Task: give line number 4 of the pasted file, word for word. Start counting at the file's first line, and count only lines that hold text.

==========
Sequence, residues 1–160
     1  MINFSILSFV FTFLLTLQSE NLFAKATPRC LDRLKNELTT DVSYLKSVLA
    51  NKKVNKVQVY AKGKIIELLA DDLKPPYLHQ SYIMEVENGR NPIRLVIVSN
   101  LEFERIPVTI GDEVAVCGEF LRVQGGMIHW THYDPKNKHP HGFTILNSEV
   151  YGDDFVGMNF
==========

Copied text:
   101  LEFERIPVTI GDEVAVCGEF LRVQGGMIHW THYDPKNKHP HGFTILNSEV